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Influence of land use and site characteristics on invasive plant abundance in the Quinebaug Highlands of southern New England

Research output: Contribution to Journal/MagazineJournal articlepeer-review

<mark>Journal publication date</mark>2004
<mark>Journal</mark>Northeastern naturalist
Issue number3
Number of pages20
Pages (from-to)313-332
Publication StatusPublished
<mark>Original language</mark>English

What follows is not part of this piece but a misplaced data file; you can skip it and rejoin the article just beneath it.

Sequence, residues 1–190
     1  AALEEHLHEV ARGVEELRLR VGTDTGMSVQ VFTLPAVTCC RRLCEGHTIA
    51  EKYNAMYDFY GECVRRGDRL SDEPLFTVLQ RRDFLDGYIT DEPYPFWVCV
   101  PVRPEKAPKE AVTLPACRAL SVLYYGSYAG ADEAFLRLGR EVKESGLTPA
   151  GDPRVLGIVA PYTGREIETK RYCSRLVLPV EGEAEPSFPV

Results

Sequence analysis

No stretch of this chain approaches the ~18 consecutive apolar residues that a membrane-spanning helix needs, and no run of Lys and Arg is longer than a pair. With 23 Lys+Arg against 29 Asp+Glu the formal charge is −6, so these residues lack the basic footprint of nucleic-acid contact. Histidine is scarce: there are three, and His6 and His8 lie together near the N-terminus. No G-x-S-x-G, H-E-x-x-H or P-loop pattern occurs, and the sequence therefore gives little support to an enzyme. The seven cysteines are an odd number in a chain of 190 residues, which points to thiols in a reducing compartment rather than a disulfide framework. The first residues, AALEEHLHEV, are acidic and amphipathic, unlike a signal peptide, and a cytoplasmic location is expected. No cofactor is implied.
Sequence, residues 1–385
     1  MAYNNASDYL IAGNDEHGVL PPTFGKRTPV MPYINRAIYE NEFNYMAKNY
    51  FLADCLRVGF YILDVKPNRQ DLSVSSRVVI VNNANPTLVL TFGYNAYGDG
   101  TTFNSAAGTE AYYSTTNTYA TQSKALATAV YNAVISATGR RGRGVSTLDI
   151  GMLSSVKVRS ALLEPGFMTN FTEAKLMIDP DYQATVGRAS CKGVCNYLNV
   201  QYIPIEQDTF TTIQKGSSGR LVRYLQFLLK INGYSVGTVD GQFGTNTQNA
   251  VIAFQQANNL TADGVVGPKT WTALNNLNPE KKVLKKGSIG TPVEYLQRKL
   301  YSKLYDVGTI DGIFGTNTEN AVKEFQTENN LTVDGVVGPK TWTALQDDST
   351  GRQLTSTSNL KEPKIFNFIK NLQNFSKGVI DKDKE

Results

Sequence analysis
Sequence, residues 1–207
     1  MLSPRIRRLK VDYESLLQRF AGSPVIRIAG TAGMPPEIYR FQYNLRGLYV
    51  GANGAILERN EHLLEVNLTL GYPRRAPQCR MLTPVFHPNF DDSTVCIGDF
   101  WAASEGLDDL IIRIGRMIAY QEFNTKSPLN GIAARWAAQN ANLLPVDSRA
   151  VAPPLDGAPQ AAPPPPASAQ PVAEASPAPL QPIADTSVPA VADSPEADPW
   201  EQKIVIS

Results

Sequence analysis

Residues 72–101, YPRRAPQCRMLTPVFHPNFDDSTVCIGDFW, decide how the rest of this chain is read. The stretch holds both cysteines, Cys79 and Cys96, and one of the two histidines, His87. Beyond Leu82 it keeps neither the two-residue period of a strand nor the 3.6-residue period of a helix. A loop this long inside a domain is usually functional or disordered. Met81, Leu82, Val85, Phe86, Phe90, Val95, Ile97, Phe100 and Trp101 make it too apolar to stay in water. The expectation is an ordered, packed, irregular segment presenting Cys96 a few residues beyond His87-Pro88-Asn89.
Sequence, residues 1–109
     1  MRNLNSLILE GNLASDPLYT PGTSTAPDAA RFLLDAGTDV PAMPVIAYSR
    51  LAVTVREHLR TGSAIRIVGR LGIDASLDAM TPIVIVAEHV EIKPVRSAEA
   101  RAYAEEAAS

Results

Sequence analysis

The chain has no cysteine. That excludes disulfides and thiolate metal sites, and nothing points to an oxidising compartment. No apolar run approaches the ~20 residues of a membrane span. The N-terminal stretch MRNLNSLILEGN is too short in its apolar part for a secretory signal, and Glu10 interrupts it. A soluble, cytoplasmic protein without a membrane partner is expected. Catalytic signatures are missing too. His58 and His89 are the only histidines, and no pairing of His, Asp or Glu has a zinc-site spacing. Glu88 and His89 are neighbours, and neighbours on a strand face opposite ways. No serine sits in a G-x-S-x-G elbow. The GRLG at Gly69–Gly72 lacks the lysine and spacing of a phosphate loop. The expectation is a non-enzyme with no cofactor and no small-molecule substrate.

Invasive exotic plants have been identified as one of the major threats to ecosystem function and biodiversity. This study examined the distribution and abundance (cover and frequency) of invasive plants in natural habitats of the Quinebaug Highlands forest block ( 13,760 ha) of northern Connecticut and southern Massachusetts in relation to current and historical land use and site conditions. Multiple regression and GIS analyses were used to identify areas of high infestation and factors most useful in predicting invasions. Celastrus orbiculatus, Rosa multiflora, and Berberis thunbergii were the most frequent invasives. Past land use was the strongest predictor of invasive cover (r(2) = 0.219) and richness (r(2) = 0.303; p <0.001 both regressions). Current land development and physical soil characteristics were also strongly correlated. These results add to our understanding of factors promoting plant invasions. Because invasive species control in natural areas is time- and resource-intensive, this information may enhance conservation efforts by increasing efficiency in predicting and managing biological invasions.